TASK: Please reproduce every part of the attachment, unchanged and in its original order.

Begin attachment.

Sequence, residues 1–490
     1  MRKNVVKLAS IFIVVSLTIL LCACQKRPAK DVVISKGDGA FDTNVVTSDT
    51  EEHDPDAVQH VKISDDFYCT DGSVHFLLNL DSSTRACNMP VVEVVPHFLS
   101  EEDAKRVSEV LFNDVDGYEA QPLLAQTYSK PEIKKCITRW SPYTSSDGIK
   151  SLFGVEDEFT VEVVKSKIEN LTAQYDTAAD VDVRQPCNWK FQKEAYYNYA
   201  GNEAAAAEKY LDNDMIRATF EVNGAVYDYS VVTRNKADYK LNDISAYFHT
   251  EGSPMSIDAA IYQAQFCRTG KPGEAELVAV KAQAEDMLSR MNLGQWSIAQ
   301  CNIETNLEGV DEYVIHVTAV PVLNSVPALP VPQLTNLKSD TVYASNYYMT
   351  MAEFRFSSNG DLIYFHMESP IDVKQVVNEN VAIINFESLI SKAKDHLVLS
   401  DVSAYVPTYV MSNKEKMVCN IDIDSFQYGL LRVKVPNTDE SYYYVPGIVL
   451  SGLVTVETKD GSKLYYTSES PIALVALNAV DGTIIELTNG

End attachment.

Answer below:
Sequence, residues 1–490
     1  MRKNVVKLAS IFIVVSLTIL LCACQKRPAK DVVISKGDGA FDTNVVTSDT
    51  EEHDPDAVQH VKISDDFYCT DGSVHFLLNL DSSTRACNMP VVEVVPHFLS
   101  EEDAKRVSEV LFNDVDGYEA QPLLAQTYSK PEIKKCITRW SPYTSSDGIK
   151  SLFGVEDEFT VEVVKSKIEN LTAQYDTAAD VDVRQPCNWK FQKEAYYNYA
   201  GNEAAAAEKY LDNDMIRATF EVNGAVYDYS VVTRNKADYK LNDISAYFHT
   251  EGSPMSIDAA IYQAQFCRTG KPGEAELVAV KAQAEDMLSR MNLGQWSIAQ
   301  CNIETNLEGV DEYVIHVTAV PVLNSVPALP VPQLTNLKSD TVYASNYYMT
   351  MAEFRFSSNG DLIYFHMESP IDVKQVVNEN VAIINFESLI SKAKDHLVLS
   401  DVSAYVPTYV MSNKEKMVCN IDIDSFQYGL LRVKVPNTDE SYYYVPGIVL
   451  SGLVTVETKD GSKLYYTSES PIALVALNAV DGTIIELTNG